Bali East Coast

When the wet season starts around November, the East Coast is offshore for the next 5 months

Best time to travel: 
January
February
March
December

Sri Lanka

Sri Lanka, off Club Med at Nusa Dua. Photo Tevor Murphy

Serangan is the most popular wet season wave for intermediate level surfers. A great right and left reefbreak, just 20 minutes from Kuta, now accessible by car due to the filling in of Benoa Harbour. Works all day, on all tides, on all size swells. Consistent so therefore very crowded. But this means Nusa Dua is not so crowded these days, especially on big days.

Padang Galak

Lee Wilson, Keramas tube. Photo Nobu Fuku

Rivermouth beach break with boiling hot black volcanic sand. Best at high tide up to 6 feet, depending upon sandbars. Beware of polluted river water and board breaking shore dump. Gets fairly crowded with Japanese surfers and Sanur locals. Hard to find, so hire a local driver to take you.

Serang, Turtle Island

Serangan, the most reliable reef in the wet season, also closest to Kuta. Rights and Lefts, good on all tides. Photo Tim Hain

Serangan is the most popular wet season wave for intermediate level surfers. A great right and left reefbreak, just 20 minutes from Kuta, now accessible by car due to the filling in of Benoa Harbour. Works all day, on all tides, on all size swells. Consistent so therefore very crowded. But this means Nusa Dua is not so crowded these days, especially on big days.

Hyatt Reef

Hyatt Reef. Photo Jon Huberman

Hyatt Reef is a very long way from shore (2 Kms) so hire a jekung boat to take you out and wait while you surf. There have been reports of a huge shark that is said to cruise the break often, but that may just be the locals trying to scare us off a good but fickle wave. 

Tanjung Sari

Photo Shane Dawson

A couple of fun right and left reefbreaks in front of the classic Tanjung Sari Hotel and the Sanur beach markets. The right can get awesome at dead low tide with a big swell (wear your reef boots). It offers a very long and fast ride at low tide, but at high tide it tends to break into sections and is therefore rarely ridden by tourist surfers. 

These days lots of the local Sanur kids learn to surf here on the small days, so if you paddle out practice your Indonesian on them and make friends.

Sanur Reef

Tipi Jabrik, Sanur Reef, first big swell of May. Photo Tim Hain

One of the world’s best right reef breaks when over 8 feet. But unfortunately fickle Sanur only breaks about 20 days a year, because it needs a very big swell from the right direction. Only a few days each year get over 10 feet. Nusa Dua is far more consistent and reliable, so surfers rarely stay at Sanur.

Keramas

Keramas lineup, Photo Hilton Dawe Thanks to Billabong

Golden Monkey was a well-kept secret for 20 years, but a new road changed all that. A world-class hollow right, peeling off over a black lava ledge, a bit like Off The Wall. Gets very crowded with hot locals and visiting pros. There are a couple of beach breaks on the walk in to avoid the crowds.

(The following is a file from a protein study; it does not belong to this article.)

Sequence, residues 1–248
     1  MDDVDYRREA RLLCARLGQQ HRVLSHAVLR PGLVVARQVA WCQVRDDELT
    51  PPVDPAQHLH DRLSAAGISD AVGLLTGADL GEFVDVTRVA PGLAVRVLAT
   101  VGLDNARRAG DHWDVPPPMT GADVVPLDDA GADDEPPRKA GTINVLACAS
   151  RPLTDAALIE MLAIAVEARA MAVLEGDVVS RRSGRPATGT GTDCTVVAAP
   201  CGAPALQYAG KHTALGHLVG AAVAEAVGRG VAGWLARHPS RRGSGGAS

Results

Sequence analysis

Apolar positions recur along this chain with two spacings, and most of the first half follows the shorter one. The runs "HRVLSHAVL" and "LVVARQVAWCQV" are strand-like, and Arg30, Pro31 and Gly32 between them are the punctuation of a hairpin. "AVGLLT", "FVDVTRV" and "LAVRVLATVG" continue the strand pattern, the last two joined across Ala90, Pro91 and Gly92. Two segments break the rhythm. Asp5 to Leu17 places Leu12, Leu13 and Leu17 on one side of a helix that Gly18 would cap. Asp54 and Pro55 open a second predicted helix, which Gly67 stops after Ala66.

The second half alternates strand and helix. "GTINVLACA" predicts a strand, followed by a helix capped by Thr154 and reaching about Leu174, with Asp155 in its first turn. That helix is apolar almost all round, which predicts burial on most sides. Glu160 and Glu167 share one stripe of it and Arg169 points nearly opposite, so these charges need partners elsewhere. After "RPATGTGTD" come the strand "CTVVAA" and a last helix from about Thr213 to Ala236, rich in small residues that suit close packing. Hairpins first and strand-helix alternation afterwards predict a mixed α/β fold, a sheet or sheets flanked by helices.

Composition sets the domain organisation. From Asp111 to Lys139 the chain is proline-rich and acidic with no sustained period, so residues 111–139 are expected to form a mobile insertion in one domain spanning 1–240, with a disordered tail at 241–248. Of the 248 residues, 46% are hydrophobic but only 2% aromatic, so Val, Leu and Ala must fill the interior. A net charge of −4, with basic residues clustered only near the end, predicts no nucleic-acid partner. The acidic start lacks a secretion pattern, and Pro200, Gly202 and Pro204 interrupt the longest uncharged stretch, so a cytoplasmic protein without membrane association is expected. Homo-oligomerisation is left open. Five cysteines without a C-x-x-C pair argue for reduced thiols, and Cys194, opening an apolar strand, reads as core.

Lebih

About 1 hour’s drive from Kuta. Black Magic Point is a very sucky right lava-bottom ledge, on a black sand beach. Needs a big swell. At high tide it only closes out half the time - at low tide you’d be crazy to even try. A tube junkie’s delight. The east coast still has unexplored surf potential, so maybe try driving down any road heading to a beach, or hiring a boat to cruise around the bays. Good luck! And keep it secret.

Padang Bai

Rumours of a good right hand point break peeling into the mouth of the harbour. But it needs a giant swell to even break, and you could be driving past excellent 8 foot Sanur or Keramas to get it at possibly 4 feet? However you might also be the only surfer there! About a 3 hour drive from Kuta. The harbour water can get quite polluted with oil and diesel, so bring soap and shampoo to wash off after surfing here.

Nusa Dua

SUP Bali’s Pete Cox on a typical day for Nusa Dua - overhead, thick and powerful 200 metre rides. Photo Trevor Murphy

Nusa Dua is Bali’s most consistent right reef break, rarely under 4 feet. Often the only place breaking for weeks, so it does get crowded (60+ surfers over 3 peaks). Breaks about 1 Km offshore, so hire a jekung ride out and back (around $10) from Surfer’s Beach, just past the Nusa Dua Golf Course and turn left at the Aman Nusa Resort. Look for the Surfer’s Beach sign, or as always it is better to hire a local driver.

Nusa Lembongan

BIG day, Photo www.monkeysurfing.com

This is what you dreamed Bali would be like - living right on the sand of a quiet, palm-fringed beach! Nusa Lembongan’s beaches have no paved roads or cars to detract from the peaceful idyllic lifestyle enjoyed by the local fishermen for centuries. You can really relax and slow down here, beach combing for hours as you wait for the tide to come in and the surf to start pumping.

Our #1 Recommendation for Bali East Coast

It's definitely worth the $5 a day for TRAVEL INSURANCE to avoid having to pay $50,000 for an Emergency Flight if you get badly injured on the sharp coral reefs or crazy roads.

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Top Travel Tips

Respect the Locals

The Indonesian local surfers will be your new best friends. If you treat them with respect you will enjoy your trip so much more. A smile is worth a thousand words in any language. 

If you smile, talk quietly and give them the respect they deserve, you will develop true friendships, get cheaper bargains as a bonus, but more importantly you will gain a genuine insight into their uniquely spiritual lives and centuries old cultures. Indonesia is alive with religions like Islam, Hinduism, Buddhism, Christianity and ancient Animistic beliefs. Your spirit will come alive in Indonesia.

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